Author Karen Shaw, BHSc, Infection Control Certificate (ICC), MPH, is nurse epidemiologist, the Health Protection Agency, London.
Shaw, K. (2007) Seasonal, avian and pandemic influenza. Nursing Times; 103: 38, 38–40.
There are three types of influenza virus: A, B and C. Influenza A is responsible for major outbreaks, epidemics and pandemics. It is the only type found in both humans and animals. Outbreaks may also be caused by type B. Influenza C has not been associated with outbreaks and tends to cause only mild infection (Kitler et al, 2002).
Influenza A viruses have a number of subtypes that are categorised according to their surface antigens (or surface proteins), haemaglutinin (H) and neuraminidase (N). There are 16 H (1–16) and 9 N (1–9) antigens and combinations of these form different influenza A subtypes.
Influenza is made up of a globular particle that is surrounded by a lipid bilayer. This bilayer is studded with the two proteins, H and N, on the surface of the virus. The name of the virus depends on the type of each protein present, for example H1N1 up to H16N9, or combinations of these. This leads to some 144 different subtypes (Department of Health and Human Services, 2007). Of all the subtypes, some infect humans and mammals. Subtypes are, however, commonly species specific.
Antigenic drift and antigenic shift
Influenza A viruses have the ability to undergo changes to the surface antigens or proteins. These can be minor changes that occur all the time or major changes occurring rarely. The minor regular changes are known as ‘antigenic drift’ and the major changes ‘antigenic shift’ (DH, 2005).
Antigenic drift occurs continuously. Small gradual and unpredictable changes, known as mutations, occur in the two genes that contain the genetic material to produce the main surface proteins H and N. Thus, antigenic drift leads to minor changes to the surface proteins. When a person is infected with influenza, the body develops antibodies against that particular strain. As new strains appear in the community as a result of frequent antigenic changes, the antibodies that the body developed previously are no longer able to recognise the new virus and so infection with the new strain may occur (Centers for Disease Control and Prevention, 2006).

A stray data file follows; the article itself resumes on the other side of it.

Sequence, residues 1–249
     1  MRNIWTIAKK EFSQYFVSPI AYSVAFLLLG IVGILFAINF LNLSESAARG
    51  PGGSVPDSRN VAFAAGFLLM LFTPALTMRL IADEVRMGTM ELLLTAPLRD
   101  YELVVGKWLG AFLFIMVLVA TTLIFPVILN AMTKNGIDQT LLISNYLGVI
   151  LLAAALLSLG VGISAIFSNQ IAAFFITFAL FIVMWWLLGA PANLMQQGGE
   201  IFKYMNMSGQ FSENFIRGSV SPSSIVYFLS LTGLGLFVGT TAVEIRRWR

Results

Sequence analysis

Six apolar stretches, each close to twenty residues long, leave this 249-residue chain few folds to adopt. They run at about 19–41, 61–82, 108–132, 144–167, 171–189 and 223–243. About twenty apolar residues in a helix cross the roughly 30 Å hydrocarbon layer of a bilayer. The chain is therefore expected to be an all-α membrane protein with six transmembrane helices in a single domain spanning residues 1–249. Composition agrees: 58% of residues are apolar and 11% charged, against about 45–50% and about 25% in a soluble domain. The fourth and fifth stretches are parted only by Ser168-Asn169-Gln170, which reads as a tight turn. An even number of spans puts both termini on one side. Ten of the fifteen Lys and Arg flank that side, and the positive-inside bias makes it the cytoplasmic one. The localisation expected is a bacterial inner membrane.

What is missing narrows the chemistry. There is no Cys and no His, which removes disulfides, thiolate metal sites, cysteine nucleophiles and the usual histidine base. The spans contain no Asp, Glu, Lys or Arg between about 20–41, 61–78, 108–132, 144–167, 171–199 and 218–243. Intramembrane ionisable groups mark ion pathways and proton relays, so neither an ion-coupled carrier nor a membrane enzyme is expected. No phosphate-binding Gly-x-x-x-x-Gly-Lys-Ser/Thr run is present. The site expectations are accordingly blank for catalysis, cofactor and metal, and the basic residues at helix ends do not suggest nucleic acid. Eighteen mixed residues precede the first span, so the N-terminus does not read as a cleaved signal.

Antigenic shift happens very rarely and refers to an unexpected, sudden change to produce a new influenza A virus subtype that has not previously been circulating in the human population. This may result from direct animal-to-human transmission or as a result of human influenza A viruses mixing with animal influenza A viruses, leading to a process of genetic reassortment and, as a result, a new human influenza A subtype. This reassortment may occur in a human host or in an intermediate host, such as a pig. If this occurs and the virus produced has the capacity to cause serious illness in humans and spread easily from human to human in a sustained manner, a global influenza pandemic may occur (DHHS, 2007).
Members of a population would have little or no immunity to this new subtype as they would not have been infected with it previously or vaccinated against it. This lack of immunity allows the virus to spread further than seasonal influenza and lead to a pandemic (DH, 2005). The emergence of a new influenza virus is the first step towards a pandemic.
Human seasonal influenza
In the UK, during a winter where the incidence of flu is low, 3,000–4,000 deaths may be attributed to seasonal influenza. This figure can increase dramatically during an epidemic – in the 1993 epidemic there were approximately 13,000 deaths attributable to seasonal influenza. In the 1989–1990 epidemic this figure was around 29,000 (DH, 2007a).
These epidemics occur because the influenza virus changes constantly through antigenic drift, giving rise to an altered virus strain to which the population is not immune. Each year one or two subtypes of influenza A may be in circulation as well as one type of influenza B (Health Protection Agency, 2005).